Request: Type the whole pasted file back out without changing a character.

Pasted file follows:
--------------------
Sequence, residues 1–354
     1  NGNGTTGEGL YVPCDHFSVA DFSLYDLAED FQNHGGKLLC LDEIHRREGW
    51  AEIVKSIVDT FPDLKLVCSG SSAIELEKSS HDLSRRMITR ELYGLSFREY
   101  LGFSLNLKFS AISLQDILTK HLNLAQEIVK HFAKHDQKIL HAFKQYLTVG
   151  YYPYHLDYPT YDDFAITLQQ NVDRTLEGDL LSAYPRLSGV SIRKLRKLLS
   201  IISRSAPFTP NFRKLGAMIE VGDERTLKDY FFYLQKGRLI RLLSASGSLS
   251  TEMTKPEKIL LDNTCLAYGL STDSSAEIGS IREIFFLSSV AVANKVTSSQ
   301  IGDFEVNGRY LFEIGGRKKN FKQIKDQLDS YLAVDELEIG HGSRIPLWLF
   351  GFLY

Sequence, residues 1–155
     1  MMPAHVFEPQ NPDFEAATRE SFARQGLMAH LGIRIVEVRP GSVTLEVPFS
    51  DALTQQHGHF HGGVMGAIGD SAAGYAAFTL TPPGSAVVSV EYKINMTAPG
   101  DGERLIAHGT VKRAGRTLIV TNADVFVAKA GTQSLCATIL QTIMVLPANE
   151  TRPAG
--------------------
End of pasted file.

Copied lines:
Sequence, residues 1–354
     1  NGNGTTGEGL YVPCDHFSVA DFSLYDLAED FQNHGGKLLC LDEIHRREGW
    51  AEIVKSIVDT FPDLKLVCSG SSAIELEKSS HDLSRRMITR ELYGLSFREY
   101  LGFSLNLKFS AISLQDILTK HLNLAQEIVK HFAKHDQKIL HAFKQYLTVG
   151  YYPYHLDYPT YDDFAITLQQ NVDRTLEGDL LSAYPRLSGV SIRKLRKLLS
   201  IISRSAPFTP NFRKLGAMIE VGDERTLKDY FFYLQKGRLI RLLSASGSLS
   251  TEMTKPEKIL LDNTCLAYGL STDSSAEIGS IREIFFLSSV AVANKVTSSQ
   301  IGDFEVNGRY LFEIGGRKKN FKQIKDQLDS YLAVDELEIG HGSRIPLWLF
   351  GFLY

Sequence, residues 1–155
     1  MMPAHVFEPQ NPDFEAATRE SFARQGLMAH LGIRIVEVRP GSVTLEVPFS
    51  DALTQQHGHF HGGVMGAIGD SAAGYAAFTL TPPGSAVVSV EYKINMTAPG
   101  DGERLIAHGT VKRAGRTLIV TNADVFVAKA GTQSLCATIL QTIMVLPANE
   151  TRPAG